BEIJING Aug 30 Chinese President Xi Jinping has
said China will spur military innovation and called on the army
to create a new strategy for "information warfare" as the
country embarks on military reform, state media said on
Xi heads the Central Military Commission, which controls the
2.3-million-strong armed forces, the world's largest, and is
stepping up efforts to modernise forces that are projecting
power across disputed waters in the East and South China Seas.
During a meeting with the ruling Chinese Communist Party's
Politburo, Xi said China "must vigorously promote military
innovation" but warned it will be difficult.
"When you compare military innovation to other forms of
innovation, the demands are greater and there will be a higher
degree of difficulty," Xi was quoted as saying.
"Faced with the severe challenges to our national security
and stability and the deep-seated contradictions and problems
with reform, it is even more pressing that we greatly liberate
our ideas and concepts, have the courage to change our fixed
mindsets of mechanised warfare and establish the ideological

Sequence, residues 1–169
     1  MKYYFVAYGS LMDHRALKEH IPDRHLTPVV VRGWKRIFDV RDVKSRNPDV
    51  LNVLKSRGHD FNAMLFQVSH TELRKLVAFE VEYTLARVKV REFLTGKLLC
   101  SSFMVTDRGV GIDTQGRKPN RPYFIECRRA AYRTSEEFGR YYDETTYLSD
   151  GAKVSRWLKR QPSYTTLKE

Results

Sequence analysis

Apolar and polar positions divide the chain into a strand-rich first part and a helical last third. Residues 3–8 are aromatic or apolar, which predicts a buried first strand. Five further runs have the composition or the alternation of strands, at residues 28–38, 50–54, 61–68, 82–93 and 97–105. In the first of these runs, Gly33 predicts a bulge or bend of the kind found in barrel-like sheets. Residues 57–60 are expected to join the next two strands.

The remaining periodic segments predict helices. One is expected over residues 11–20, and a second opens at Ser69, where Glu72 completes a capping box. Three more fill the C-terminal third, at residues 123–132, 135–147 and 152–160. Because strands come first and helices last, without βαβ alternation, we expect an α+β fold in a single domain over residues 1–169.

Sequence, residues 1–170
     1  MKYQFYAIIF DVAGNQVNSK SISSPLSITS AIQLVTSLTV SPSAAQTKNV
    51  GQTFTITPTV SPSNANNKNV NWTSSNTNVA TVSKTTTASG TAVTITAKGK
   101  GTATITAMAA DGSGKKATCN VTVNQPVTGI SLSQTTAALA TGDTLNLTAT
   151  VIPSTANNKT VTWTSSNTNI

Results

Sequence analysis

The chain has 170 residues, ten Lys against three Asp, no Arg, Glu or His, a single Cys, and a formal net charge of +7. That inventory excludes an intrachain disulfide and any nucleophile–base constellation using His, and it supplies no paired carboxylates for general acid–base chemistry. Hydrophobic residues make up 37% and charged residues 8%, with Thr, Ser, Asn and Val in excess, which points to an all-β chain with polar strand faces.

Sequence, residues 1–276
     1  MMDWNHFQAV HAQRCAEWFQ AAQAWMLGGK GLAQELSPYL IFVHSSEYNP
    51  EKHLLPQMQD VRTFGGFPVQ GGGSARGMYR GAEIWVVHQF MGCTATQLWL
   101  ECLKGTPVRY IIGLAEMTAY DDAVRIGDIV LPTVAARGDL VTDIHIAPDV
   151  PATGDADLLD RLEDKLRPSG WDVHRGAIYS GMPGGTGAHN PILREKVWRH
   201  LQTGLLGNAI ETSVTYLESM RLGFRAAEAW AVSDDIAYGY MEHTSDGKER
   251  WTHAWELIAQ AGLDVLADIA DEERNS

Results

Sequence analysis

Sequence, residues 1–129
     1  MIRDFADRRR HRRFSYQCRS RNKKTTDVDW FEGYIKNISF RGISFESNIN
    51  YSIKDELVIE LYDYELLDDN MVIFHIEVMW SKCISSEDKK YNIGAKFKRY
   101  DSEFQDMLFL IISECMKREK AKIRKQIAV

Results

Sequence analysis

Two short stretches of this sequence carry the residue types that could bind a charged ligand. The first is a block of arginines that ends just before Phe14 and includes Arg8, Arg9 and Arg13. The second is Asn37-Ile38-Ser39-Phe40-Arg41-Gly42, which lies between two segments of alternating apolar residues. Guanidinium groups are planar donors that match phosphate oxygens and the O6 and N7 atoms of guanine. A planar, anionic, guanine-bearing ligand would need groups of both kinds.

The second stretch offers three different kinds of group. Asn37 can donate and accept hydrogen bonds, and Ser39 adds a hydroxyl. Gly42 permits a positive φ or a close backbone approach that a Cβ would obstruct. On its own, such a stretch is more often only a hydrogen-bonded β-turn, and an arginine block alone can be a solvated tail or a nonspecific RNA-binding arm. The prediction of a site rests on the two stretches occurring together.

concept of information warfare".
Xi said the army must "strive to establish a new military
doctrine, institutions, equipment systems, strategies and
tactics and management modes" for information warfare.
The announcement by Xi could rattle many of China's rivals,
including the United States. Officials in Washington have argued
for years that cyber espionage is a top national security
concern, and Beijing and Washington have confronted each other
publicly about the issue.
In May, U.S. authorities charged five Chinese military
officers with hacking into American companies to steal trade
A hacking attempt on a sensitive Canadian government
computer network last month was similar to attacks mounted by an
elite unit of the Chinese army based in Shanghai, according to a
China has denied those charges, saying it is also a victim
of cyber attacks.
In March, China announced its biggest rise in military
spending in three years, a strong signal that it is not about to
back away from its growing assertiveness in Asia, especially in
The spending increase appears to reflect Xi's desire to
build what he calls a strong, rejuvenated China, even though the
country has not fought a war in decades.
Xi also recently urged military leaders to speed efforts to
get the country's sole aircraft carrier combat-ready.
Aside from the carrier, China is developing a range of
high-tech weaponry, from stealth fighters to systems for
shooting down satellites.
(Reporting by Sui-Lee Wee; Editing by Dale Hudson)